Canon 1D X: What the compression?


Hooray! Canon has dropped a next generation DSLR on us and we couldn’t be more disappointed? Wait a minute what? Ok, ok, so maybe it is not what any of us had expected but it does show where they’re thinking about what DSLRs mean to Canon.

The newly announced 1D X offers the next generation of EOS movie mode. This of course is expected. Although, many us us are scratching our head to what this all means. Here is quote from the Canon Professional Network Europe site:

The biggest change to the movie shooting is the ability to choose from two different compression methods — IPB or ALL-I — depending on your needs. The EOS-1D X still records movies using the H.264 codec but it is the compression type within this codec that has been changed.

When shooting movies, the frames that are captured are usually split into key frames or Intra-Frames and predicted frames. These Intra-frames are used as reference frames to help with compression.

The first type of compression available is IPB. The B in IPB stands for Bi-directional compression. With IPB differential compression is carried out by predicting the content of future frames, with reference to both previously captured frames and subsequent frames. Like the IPP compression method used in previous EOS DSLRs, some data is stored in a Group Of Pictures (GOP), meaning that frame-by-frame editing will result in lower image quality. When using IPB editing video in-camera to trim clips can only be done in one-second increments.

The second method of compression is designed for users working in high-end editing systems or those looking for the very highest quality. This compression is called ALL-I. ALL-I stands for ‘Intra-coded Frame’ and it differs from IPB and IPP because all frames captured are treated as Intra-frames or key frames. Although each frame is still compressed, there is no further compression as each frame is seen as an individual image.

When filming with ALL-I, file sizes will be around three times larger than with IPB, and it is easier to edit to an individual frame without degrading the image quality. Despite the extra file size, ALL-I compressed footage actually requires less computer processing power than IPB or IPP and consequently will playback more smoothly on lower specification computers. This is because there is no rendering needed to extrapolate data from the GOPs used in IPP and IPB.

Canon has given us the choice now to choose what type of in-camera compression is applied to the movie files. They still are wrapped in a H.264 Quicktime Movie wrapper. Most likely still in 4:2:0 8-bit. What type of compression that happens within that wrapper is determinate to the shooter. After a interesting look at the leaked Japanese press release I saw the words VBR thrown in there. This would hopefully mean that depending on the mode of shooting the bit rate would be adjusted accordingly. Whether in 1080p24,25,30 or 720p50,60. Again, they included the older EOS movie compression which compresses groups of pictures in an inter frame compression mode. Great for a small file size but does sacrifice image quality and of course compression artifacts. This is the cool part. Also included is a new intra frame compression mode. Instead of compressing groups of pictures it compresses each individual frame captured maintaining frame to frame picture information. Each frame now is compressed. The downside is a larger file size but a better looking, lesser compressed image. With the addition of the new DIGIC V processors and the 1D X’s new CMOS sensor this should make for a better EOS movie file than we’ve been used to seeing.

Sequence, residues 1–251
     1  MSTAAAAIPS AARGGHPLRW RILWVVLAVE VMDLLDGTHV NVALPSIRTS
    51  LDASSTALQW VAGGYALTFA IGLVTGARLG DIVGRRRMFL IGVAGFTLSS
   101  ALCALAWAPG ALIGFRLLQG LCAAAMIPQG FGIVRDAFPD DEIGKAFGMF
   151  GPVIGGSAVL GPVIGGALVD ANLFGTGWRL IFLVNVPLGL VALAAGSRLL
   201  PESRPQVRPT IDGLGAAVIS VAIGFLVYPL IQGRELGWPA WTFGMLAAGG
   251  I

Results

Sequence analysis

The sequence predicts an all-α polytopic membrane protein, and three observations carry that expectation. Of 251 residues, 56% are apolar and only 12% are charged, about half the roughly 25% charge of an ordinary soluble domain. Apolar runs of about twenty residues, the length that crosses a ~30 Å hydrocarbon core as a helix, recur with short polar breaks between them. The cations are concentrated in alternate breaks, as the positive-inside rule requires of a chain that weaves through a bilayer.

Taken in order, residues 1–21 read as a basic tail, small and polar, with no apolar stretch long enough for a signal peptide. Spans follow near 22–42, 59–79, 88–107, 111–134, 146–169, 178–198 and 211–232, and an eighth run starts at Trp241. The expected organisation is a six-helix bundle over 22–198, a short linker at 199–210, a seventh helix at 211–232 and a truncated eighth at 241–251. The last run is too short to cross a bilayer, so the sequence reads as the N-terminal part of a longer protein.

Now comes from the fun part. What does this mean for the November 3rd announcement? Will Canon implement this new EOS movie mode to a new Super 35/APS-C sensor? Will they take this new full frame sensor instead? What about the current XF codec in the camcorder line? Having 50Mbps 4:2:2 chroma sampling and 8-bit color depth in a MXF wrapper would sound nice behind that new sensor. Add a PL mount option and a 10-bit SDI out a la Sony F3 and we may have a giant bomb exploding soon. Maybe. Of course RED is chiming in too with Scarlet part deux(?)

Exciting times to be in for sure. All just fun speculation till the curtain is raised and we know for sure what’s up Canon’s sleeve.

Jared Abrams is a cinematographer based in Hollywood, California. After many years as a professional camera assistant he switched over to still photography. About two years ago a new Canon camera changed the way the world sees both motion and still photography. He just happened to be in the right place at the right time.
  • Sebastian TR

    Looking forward to Nov 3rd! assuming Canon unveil 2 purely video based cams based on S35/APS-C sensor with improvements (PL / EF ?) that still leaves the 5dmk3 in mystery. Curious to see what RED are going to unveil as well to counter all this.

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